Growing Up With a ‘Gross’ Skin Condition

I was a sophomore in high school, working on the school’s yearbook after the last bell of the day rang. Though Yearbook and Newspaper were separate classes, we all mingled in the journalism room after school.

A junior newspaper girl with her friend sat at the computer next to mine. I heard her mention psoriasis after an ad for a medication popped up on her screen.

Her friend asked her what psoriasis is, and for a moment, I thought about telling them about it and that I have it. The moment was short-lived, though. The newspaper girl shuddered and said it was itchy skin and “so gross.” People who have it should, like, shower more, she said.

I continued to act like I was focused on my work. I was angry at their insensitivity and ignorance. But more than anything, I was embarrassed.

I shouldn’t have felt embarrassed. Psoriasis has nothing to do with bathing, and I’m not gross for having it. But it’s hard not to feel embarrassed when classmates act like psoriasis is leprosy.

I’ve had psoriasis my entire life. I was officially diagnosed with psoriatic arthritis when I was 6, but psoriasis came before arthritis. About 15 percent of people with psoriasis develop psoriatic arthritis, according to the American College of Rheumatology.

Psoriasis is a skin condition characterized by red, itchy and painful patches of skin, according to the Mayo Clinic. Everyone sheds skin, though we can’t see it. In psoriasis, the “life cycle” of skin cells is sped up, causing them to build up (the patches of psoriasis).

Psoriasis is thought to be caused by an overactive immune system that attacks healthy skin cells. Your immune system fights off viruses and other infections to keep you healthy. In autoimmune diseases like psoriatic arthritis, the immune system mistakes healthy cells for foreign invaders like a virus or bacterial infection.

Some of my earliest memories are of my mom slathering my scalp in an ointment. Or shampoo. Or another cream. Or all three. I’d wear shower caps to keep the goo on top of my head as I tried to ignore the intense itching on my scalp. I imagined my psoriasis was screaming in agony from being bothered by the goo.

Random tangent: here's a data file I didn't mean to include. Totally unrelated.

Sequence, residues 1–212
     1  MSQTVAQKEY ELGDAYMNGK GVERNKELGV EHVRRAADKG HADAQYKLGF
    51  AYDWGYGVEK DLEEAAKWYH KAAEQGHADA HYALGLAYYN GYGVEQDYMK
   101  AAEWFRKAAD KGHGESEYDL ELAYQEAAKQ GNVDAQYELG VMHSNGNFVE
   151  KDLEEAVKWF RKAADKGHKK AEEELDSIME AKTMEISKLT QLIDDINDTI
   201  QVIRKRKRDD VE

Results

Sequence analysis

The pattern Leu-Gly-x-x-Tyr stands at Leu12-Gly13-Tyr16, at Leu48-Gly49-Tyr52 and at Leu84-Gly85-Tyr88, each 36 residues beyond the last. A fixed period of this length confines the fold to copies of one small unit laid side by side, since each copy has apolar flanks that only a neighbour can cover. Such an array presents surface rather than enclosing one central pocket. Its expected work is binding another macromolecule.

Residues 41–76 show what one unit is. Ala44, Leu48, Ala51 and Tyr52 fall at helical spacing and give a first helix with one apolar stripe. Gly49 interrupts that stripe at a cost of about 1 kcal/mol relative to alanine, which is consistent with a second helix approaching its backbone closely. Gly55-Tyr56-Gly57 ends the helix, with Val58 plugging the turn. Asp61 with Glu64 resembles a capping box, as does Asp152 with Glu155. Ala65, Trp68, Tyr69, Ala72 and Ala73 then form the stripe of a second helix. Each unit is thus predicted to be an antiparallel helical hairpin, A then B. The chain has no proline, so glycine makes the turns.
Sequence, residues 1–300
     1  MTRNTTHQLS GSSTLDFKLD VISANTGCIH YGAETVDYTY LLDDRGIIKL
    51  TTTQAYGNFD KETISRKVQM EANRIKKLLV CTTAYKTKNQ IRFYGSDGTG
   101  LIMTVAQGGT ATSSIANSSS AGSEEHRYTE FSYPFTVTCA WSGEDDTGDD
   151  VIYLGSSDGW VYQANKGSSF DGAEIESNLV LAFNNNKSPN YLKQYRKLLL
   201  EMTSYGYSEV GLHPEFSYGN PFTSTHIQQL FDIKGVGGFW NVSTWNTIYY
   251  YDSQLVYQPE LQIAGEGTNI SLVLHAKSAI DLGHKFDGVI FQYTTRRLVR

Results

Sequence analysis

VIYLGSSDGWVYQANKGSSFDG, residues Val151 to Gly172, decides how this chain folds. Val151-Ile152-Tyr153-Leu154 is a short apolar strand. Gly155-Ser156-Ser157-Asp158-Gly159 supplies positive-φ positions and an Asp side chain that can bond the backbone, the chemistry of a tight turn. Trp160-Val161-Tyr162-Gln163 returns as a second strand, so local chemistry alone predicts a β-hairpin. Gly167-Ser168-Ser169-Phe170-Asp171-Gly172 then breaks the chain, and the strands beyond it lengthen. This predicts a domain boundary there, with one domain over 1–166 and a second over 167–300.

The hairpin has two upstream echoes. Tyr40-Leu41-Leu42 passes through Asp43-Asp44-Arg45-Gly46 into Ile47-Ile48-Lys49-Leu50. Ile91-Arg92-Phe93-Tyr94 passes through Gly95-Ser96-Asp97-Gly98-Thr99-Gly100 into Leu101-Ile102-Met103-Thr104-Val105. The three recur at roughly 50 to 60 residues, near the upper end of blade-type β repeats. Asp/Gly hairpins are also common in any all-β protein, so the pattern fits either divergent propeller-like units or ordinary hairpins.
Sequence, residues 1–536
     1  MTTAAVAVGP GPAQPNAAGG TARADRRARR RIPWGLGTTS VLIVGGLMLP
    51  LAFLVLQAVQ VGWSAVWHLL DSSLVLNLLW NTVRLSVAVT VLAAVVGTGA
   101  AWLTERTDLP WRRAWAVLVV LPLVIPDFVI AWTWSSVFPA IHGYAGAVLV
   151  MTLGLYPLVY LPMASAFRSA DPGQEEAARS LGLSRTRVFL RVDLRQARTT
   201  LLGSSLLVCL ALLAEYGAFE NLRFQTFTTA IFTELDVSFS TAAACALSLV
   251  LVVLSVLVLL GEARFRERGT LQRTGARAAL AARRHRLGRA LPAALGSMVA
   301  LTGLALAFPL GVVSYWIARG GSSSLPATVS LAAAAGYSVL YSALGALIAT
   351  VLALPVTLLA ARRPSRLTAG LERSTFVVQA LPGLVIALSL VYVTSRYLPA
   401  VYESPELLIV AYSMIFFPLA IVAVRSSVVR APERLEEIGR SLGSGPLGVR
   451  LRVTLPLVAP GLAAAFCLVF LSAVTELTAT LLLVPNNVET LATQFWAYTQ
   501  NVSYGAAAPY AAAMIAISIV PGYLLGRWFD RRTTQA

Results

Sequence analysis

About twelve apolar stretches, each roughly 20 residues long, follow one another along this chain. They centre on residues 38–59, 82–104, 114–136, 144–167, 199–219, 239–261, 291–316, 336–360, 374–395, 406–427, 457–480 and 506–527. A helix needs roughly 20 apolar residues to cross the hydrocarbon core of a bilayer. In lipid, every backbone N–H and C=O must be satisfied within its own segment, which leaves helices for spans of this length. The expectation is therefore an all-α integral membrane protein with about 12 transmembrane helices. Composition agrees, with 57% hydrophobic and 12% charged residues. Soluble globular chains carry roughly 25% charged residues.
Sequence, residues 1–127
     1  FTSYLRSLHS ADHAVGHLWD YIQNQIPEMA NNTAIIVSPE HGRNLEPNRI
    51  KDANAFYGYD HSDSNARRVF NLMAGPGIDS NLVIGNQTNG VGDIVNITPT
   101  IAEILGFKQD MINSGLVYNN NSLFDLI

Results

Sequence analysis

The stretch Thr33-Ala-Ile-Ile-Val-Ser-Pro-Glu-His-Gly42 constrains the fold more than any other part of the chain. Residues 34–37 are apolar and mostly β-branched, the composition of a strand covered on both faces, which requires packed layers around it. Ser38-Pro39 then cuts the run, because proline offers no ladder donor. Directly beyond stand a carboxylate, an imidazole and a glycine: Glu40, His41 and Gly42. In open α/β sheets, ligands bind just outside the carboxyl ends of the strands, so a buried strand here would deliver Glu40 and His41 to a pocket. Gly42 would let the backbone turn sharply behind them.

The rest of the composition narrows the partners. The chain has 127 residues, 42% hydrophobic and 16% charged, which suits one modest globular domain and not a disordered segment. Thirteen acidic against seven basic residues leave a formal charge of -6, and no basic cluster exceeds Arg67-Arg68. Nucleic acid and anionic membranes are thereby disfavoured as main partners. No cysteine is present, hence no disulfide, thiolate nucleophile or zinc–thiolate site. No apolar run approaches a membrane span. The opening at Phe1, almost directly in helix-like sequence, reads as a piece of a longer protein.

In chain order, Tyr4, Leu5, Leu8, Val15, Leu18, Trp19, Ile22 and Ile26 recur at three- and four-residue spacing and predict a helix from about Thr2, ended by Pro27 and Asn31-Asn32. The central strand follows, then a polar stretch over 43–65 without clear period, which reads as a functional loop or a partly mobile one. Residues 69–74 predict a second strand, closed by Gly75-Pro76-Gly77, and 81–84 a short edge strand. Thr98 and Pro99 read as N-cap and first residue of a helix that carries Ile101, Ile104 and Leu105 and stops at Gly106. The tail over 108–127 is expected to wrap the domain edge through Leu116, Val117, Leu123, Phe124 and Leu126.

One treatment came after another. And then another. Though I was 4 or 5, I don’t remember anything working. I’d force myself to keep from scratching. Sometimes I’d scratch in my sleep and wake up with blood under my nails, on my scalp and pillow.

Anytime I went to the hair salon, my mom explained to the stylist that I had psoriasis, so she may see flakes and red spots. The stylist would nod in familiarity. I found most of my hair stylists were aware of the condition or had previous clients with it. They understood more than most.

After I was diagnosed with psoriatic arthritis at the age of 6, I began weekly injections of a medication designed to help both psoriasis and arthritis. I was one of the first kids to take the medication, so the doctors didn’t know what the short or long-term side effects would be. It had been approved for adults but use in children wasn’t established. My parents had to sign forms, stating they wouldn’t sue if I got sick or died.

After surgery on my wrist in high school (photo by Odi Opole)

At that point, my arthritis took center stage over psoriasis because it was progressing quickly. An autoimmune disease, like psoriatic arthritis, is dangerous if left unchecked. Though not fatal, damage to joints is irreversible and the pain gets worse. Mobility can diminish, and you’re more likely to develop a host of other chronic illnesses.

The medication improved my quality of life immensely. My pain diminished and my psoriasis mostly cleared.

Though I was doing better, the medication lowered my immune system response. I was more susceptible to sicknesses like the flu, strep, colds and everything else classrooms are a hotbed for. A common cold could keep me down for a couple of weeks instead of the typical four or five days.

Psoriatic arthritis is chronic, so I’ll have it for the rest of my life. I’ve had long periods of inactivity or “remission,” but I still have flares from time to time. Overall, my skin is relatively clear.

My medication has made it possible to pass as “healthy” to most people. This is why I sometimes hear ignorant statements from people like the newspaper girl in high school. What she and others don’t know is that I know what it’s like to have my body fight itself. Believe me, bathing is not the issue.